Capitanich insists that Argentina must correct structural asymmetries

Capitanich together with his peers Zamora and Bordet, Foreign Minister Cafiero and Minister De Pedro, at the ECLAC meeting.

Governor Jorge Capitanich participated yesterday in one of the cycles of conferences organized by the national government and the Economic Commission for Latin America and the Caribbean (ECLAC), within the framework of the 39th period of ordinary sessions of the organization that between the 24th and the October 26 will have Argentina as host.

The deliberations are for three days at the Kirchner Cultural Center, our country will also assume the presidency pro tempore of the organization for the next two years. This is the most important meeting of the organization, in which the document entitled ‘Towards the transformation of the development model in Latin America and the Caribbean: production, inclusion and sustainability’ will be presented and the work program will be agreed until 2024. From the San Martín Palace, headquarters of the Argentine Foreign Ministry, the Chaco president spoke at the panel ‘The challenges of territorial justice’ together with his peers from Entre Ríos, Gustavo Bordet, and from Santiago del Estero, Gerardo Zamora.

Also present were the Minister of the Interior, Eduardo de Pedro; the chancellor, Santiago Cafiero; the minister, Ayelén Mazzina; the Executive Secretary of ECLAC, José Manuel Salazar-Xirinachs, and the Resident Coordinator of the UN System in Argentina, Claudia Mojica. There he raised the need to ‘redefine the territorial map of Argentina, historically made up of the landed oligarchy, correcting asymmetries’.

He gave as an example several of the projects that have been working with the governors of the Great North, such as the development of the North bi-oceanic corridor and the investment program of 30,000 million dollars for fifteen years through the financing of multilateral credit organizations.

‘No country in the world can sustain its growth rate without macroeconomic stability, significant investments in integrated logistics and energy, and the generation of good quality jobs. If we combine all of this, we can correct the historical asymmetries,’ Capitanich said after presenting the vision of the regional block in general, and of the Chaco in particular with the presentation of the 2030 Plan and the 2023-2027 Five-Year Plan.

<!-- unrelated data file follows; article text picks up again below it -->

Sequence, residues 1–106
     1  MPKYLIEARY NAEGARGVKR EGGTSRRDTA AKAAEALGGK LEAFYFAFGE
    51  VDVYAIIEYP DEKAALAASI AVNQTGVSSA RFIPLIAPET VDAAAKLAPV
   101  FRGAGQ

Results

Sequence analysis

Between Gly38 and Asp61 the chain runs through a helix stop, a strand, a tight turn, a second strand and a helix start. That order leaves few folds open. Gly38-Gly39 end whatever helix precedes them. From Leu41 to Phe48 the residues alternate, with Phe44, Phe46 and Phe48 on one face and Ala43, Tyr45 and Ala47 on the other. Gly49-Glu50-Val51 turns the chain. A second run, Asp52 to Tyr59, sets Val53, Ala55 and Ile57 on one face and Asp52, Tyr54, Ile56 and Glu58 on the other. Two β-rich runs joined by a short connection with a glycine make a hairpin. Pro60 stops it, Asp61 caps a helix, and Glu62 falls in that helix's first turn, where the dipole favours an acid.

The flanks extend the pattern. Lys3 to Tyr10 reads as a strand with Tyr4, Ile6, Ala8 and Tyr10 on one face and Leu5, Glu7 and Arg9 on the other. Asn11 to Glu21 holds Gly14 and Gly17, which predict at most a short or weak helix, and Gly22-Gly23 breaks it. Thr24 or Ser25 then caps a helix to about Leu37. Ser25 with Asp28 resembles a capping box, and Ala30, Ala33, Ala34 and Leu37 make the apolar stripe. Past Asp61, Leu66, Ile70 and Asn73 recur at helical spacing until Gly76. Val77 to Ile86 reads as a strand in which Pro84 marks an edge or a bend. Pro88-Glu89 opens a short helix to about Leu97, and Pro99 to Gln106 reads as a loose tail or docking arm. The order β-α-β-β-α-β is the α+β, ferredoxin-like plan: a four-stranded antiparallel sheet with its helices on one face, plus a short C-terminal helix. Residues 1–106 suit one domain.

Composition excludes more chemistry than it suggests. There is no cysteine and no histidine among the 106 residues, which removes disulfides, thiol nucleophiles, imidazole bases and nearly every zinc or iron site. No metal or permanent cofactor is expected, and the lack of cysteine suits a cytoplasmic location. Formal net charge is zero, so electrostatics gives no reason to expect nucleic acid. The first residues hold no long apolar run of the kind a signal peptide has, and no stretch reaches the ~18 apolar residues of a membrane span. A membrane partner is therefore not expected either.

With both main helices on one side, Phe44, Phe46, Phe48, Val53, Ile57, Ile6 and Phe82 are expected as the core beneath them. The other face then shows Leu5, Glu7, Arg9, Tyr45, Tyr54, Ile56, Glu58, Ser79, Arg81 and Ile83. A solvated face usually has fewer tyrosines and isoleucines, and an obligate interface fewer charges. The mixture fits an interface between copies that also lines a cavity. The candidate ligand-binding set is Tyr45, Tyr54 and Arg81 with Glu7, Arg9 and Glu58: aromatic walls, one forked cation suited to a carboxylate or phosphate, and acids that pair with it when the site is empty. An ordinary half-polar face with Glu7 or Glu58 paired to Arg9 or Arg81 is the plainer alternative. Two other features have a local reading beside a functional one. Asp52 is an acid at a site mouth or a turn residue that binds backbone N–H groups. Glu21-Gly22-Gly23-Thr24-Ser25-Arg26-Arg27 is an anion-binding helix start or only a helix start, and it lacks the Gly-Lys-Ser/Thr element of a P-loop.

On the national scene, strongly affected by the international economic context, he said that “a high political and social consensus is necessary to resolve the three historical restrictions that afflict the country: energy, logistics and insufficient foreign exchange in the formal market.” And he said that although Argentina is on the way to a structural resolution of the same, it is a process that requires time and above all the will to invest.


In this sense, the president of Chaco outlined the evolution of the investment processes of the provinces and their comparison with the city of Buenos Aires: ‘We have to pay the most expensive transportation, almost $56 on average, and we have to pay the highest cost of energy with the highest temperatures in the country.

‘We come from severe and profound asymmetries: 28% of the national budget is concentrated here in Buenos Aires, while we have a smaller relative share. The unfair spatial distribution of income in Argentina implies a constant stigmatization of the provinces,’ warned the governor.

‘During the governments of Néstor, Cristina and Alberto there have been financing processes to correct these asymmetries. But 212 years are not corrected from one day to the next, nor from one government to another. We need permanent policies,’ said Capitanich.

Capitanich insists that Argentina must correct structural asymmetries